Sparse aperture (SA) telescopes represent a promising technology to increase the effective diameter of an optical system while reducing overall weight and stowable size. Although conceptually explored in the literature for decades, the technology has only recently matured to the point of being reasonably considered for certain applications. In general, a sparse aperture system consists of an array of sub-apertures that are phased to synthesize a larger effective aperture. The models used to date to create predictions of sparse aperture imagery typically make use of a “gray world” assumption, where the input is a resampled black and white panchromatic image. This input is then degraded and resampled with a so-called polychromatic system optical transfer function (OTF), which is a weighted average of the OTFs over the spectral bandpass. In reality, a physical OTF is spectrally dependent, exhibiting varying structure with spatial frequency (especially in the presence of optical aberrations or sub-aperture phase errors). Given this spectral variation with spatial frequency, there is some concern the traditional gray world resampling approach may not address significant features of the image quality associated with sparse aperture systems. This research investigates the subject of how the image quality of a sparse aperture system varies with respect to a conventional telescope from a spectra-radiometric perspective, with emphasis on whether the restored sparse aperture image will be beset by spectral artifacts.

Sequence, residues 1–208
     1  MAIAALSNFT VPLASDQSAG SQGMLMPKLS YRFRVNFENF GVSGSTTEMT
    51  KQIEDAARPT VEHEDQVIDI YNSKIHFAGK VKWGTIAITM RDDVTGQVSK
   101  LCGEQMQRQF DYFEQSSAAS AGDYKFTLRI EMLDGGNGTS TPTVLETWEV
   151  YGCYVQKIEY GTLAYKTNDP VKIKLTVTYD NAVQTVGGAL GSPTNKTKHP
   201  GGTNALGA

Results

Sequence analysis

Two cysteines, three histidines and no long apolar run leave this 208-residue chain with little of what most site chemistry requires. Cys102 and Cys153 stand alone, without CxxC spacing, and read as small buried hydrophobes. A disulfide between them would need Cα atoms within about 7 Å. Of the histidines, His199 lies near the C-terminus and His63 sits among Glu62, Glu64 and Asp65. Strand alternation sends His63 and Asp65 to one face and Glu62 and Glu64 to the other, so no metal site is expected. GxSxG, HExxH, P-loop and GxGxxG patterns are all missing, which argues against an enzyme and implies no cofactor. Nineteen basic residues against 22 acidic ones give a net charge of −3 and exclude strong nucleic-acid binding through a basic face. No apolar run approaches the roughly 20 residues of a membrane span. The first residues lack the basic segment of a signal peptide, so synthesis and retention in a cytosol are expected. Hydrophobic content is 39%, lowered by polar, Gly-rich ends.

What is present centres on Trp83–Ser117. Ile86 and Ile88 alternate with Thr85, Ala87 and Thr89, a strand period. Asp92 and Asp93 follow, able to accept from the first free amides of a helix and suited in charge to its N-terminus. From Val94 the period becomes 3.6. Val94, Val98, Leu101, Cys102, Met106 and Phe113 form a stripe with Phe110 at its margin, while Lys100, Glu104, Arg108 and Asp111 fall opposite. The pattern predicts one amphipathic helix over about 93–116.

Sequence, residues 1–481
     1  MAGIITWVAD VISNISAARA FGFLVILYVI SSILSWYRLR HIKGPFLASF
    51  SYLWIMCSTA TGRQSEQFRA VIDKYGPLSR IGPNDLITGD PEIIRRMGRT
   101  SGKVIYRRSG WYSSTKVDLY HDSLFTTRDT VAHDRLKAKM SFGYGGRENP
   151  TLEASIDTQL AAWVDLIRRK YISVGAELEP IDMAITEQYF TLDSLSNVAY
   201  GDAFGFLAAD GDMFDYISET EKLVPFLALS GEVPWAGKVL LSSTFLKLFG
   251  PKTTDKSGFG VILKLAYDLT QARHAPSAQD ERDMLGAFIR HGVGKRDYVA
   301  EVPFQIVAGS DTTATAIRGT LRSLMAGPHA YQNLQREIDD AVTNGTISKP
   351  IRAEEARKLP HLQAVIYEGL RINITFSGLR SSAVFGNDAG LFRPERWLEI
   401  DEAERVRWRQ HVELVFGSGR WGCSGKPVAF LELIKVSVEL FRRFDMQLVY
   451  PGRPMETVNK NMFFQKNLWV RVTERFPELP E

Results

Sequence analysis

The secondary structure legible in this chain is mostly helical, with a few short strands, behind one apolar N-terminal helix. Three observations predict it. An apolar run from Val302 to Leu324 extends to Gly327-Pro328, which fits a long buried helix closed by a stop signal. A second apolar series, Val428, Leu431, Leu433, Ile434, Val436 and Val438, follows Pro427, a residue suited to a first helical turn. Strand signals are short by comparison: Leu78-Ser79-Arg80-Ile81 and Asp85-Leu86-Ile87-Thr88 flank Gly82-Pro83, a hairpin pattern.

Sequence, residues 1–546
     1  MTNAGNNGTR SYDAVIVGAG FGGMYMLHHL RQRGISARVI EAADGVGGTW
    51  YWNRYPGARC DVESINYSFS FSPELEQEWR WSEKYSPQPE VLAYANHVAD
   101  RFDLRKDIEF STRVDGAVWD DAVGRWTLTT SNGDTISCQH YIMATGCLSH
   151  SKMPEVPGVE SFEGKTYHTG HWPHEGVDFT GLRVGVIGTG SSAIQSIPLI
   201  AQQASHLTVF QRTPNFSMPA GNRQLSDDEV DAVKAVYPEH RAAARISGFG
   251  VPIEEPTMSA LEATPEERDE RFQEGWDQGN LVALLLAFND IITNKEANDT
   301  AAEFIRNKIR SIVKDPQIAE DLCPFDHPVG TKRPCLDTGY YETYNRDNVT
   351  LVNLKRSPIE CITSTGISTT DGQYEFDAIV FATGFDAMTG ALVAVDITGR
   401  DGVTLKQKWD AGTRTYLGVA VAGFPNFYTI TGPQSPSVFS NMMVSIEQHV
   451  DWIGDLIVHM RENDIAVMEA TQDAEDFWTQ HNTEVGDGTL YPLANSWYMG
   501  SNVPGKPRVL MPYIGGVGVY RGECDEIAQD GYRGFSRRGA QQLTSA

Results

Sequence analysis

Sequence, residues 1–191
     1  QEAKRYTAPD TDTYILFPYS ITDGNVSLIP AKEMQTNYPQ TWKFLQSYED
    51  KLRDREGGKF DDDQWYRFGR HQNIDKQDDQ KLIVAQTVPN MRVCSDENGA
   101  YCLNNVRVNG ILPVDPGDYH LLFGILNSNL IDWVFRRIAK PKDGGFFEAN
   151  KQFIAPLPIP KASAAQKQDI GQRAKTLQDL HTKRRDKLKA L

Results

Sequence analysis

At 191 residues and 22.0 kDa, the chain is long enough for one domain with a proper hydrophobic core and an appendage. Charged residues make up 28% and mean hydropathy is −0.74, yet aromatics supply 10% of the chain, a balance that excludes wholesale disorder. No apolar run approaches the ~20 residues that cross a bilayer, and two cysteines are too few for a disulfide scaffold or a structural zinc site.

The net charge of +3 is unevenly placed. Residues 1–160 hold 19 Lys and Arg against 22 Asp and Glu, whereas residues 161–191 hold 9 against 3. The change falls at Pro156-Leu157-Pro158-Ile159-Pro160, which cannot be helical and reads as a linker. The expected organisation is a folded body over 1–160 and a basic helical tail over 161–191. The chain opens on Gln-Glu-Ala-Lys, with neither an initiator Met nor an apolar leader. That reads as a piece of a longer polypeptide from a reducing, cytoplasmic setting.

Department, Program, or Center
Chester F. Carlson Center for Imaging Science (COS)
Spaceborne Sensors 5418 (2004) 127-138
RIT – Main Campus